Rethinking Reservations
by Sandhya Jain on 24 Mar 2015 10 Comments

In a judgment with far reaching consequences for reservation politics in India, the Supreme Court on March 17 scrapped the UPA government’s March 2014 notification that included Jats in the Central List of Other Backward Classes (OBC) in nine States. In Ram Singh & Others vs Union of India (WP Civil No 274 of 2014), Justices Ranjan Gogoi and Rohinton Nariman inserted a startling ‘exit clause’ into the hitherto closed world of quotas and insisted that reservations must be justified on merit rather than slogans based on caste-centric mythologies of historical injustice and backwardness.


The impugned notification put Jats in the Central List of Backward Classes for the States of Bihar, Gujarat, Haryana, Himachal Pradesh, Madhya Pradesh, NCT of Delhi, Bharatpur and Dholpur districts of Rajasthan, Uttar Pradesh and Uttarakhand. Barring Gujarat, (Hindu) Jats are listed as OBC in these States; they are the erstwhile rulers of Bharatpur and Dholpur. The UPA amended the rules to allow the National Commission for Backward Classes (NCBC) to review their status at national level.


In June 2011, the NCBC deferred a decision on Jat representations until the finalisation of the Socio­economic Caste Census (SCC) 2011. But, in July 2011, the NCBC approached the Indian Council of Social Science Research (ICSSR) to conduct a comprehensive survey in Uttar Pradesh, Haryana, Madhya Pradesh, Rajasthan, Himachal Pradesh and Gujarat to ascertain the community’s socio-economic status. In October 2012, the NCBC pruned this to a 2 per cent sample survey.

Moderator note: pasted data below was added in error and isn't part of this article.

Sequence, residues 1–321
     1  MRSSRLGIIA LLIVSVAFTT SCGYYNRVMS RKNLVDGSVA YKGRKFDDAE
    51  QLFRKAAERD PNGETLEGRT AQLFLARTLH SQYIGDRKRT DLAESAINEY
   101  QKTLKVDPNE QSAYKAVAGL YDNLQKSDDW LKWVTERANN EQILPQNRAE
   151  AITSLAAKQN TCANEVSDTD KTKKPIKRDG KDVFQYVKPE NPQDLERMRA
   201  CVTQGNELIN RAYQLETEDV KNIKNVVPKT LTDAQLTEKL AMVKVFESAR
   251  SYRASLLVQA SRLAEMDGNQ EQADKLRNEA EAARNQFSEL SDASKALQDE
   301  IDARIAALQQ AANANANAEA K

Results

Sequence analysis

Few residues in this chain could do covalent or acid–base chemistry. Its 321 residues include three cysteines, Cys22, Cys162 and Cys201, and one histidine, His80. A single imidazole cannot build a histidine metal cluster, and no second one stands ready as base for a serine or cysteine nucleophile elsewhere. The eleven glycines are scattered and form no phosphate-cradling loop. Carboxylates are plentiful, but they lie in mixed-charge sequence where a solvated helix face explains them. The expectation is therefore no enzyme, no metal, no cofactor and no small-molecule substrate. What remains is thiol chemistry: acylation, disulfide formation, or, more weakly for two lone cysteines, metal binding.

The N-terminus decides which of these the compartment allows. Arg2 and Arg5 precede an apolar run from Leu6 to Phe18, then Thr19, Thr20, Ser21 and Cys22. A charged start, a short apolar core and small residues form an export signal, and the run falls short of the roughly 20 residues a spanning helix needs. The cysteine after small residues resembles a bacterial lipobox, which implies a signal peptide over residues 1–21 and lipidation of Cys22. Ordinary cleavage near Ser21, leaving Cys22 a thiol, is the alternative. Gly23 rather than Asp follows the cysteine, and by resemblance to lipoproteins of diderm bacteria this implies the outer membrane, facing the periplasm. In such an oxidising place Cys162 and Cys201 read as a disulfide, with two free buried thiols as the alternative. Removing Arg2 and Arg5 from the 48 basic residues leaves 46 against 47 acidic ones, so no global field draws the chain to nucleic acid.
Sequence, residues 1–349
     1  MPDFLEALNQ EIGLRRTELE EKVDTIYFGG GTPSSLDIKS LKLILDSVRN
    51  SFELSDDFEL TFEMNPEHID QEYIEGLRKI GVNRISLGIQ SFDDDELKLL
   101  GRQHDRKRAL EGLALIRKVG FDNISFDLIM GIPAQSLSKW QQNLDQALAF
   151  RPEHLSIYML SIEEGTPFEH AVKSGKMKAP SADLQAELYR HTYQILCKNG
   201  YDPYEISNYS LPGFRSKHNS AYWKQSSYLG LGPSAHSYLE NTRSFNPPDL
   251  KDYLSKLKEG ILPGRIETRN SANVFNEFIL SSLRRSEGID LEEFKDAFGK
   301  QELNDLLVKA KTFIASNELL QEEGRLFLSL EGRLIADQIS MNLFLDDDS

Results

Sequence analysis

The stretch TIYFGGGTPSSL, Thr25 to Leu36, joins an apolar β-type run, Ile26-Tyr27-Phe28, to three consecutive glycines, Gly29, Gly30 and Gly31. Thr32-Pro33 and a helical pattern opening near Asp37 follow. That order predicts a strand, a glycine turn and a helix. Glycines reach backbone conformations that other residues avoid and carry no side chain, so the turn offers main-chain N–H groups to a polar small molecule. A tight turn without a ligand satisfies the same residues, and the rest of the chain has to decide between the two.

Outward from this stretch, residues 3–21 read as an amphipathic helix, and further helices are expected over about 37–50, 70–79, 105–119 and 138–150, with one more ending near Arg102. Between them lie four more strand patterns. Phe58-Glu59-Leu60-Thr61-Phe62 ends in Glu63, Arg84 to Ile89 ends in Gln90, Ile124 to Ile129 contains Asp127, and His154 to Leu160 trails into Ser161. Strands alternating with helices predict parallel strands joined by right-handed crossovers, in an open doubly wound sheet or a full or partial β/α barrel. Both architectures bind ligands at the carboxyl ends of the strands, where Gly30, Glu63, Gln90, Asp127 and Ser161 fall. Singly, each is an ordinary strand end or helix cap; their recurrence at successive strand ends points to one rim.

However, in June 2013, the Prime Minister’s Office informed the Ministry of Social Justice and Empowerment that a Group of Ministers chaired by the Finance Minister would interact with Jat leaders regarding their demand for inclusion. The GoM would also monitor completion of the ICSSR survey and facilitate an early decision by the NCBC.


An ICSSR Expert Committee gathered all literature on the subject, including reports of the various State Commissions regarding inclusion of Jats in State OBC lists, and presented the NCBC a summary without recommendations. The NCBC asked the States to fix public hearings in the respective State capitals, but on receiving no response organised public hearings at Siri Fort Auditorium, Delhi, in February 2014.


The same month, the NCBC advised the Centre that Jats did not qualify for inclusion in the Central List of OBC, as merely belonging to an agricultural community cannot confer backward status. Ruling that Jats were neither socially or educationally backward, the NCBC suggested the need for a non-caste based identification of backward classes. It noted that Jats were adequately represented in public employment (armed forces, government services and educational institutions).


Surprisingly, the Union Cabinet ruled that the NCBC failed to note “ground realities”. Claiming that the OBC lists of the concerned States was reasonable basis, it included Jats in the Central List of Backward Classes for the said States and notified the same on 4 March 2014. The General Elections were notified the next day, giving the decision a distinctly political taint.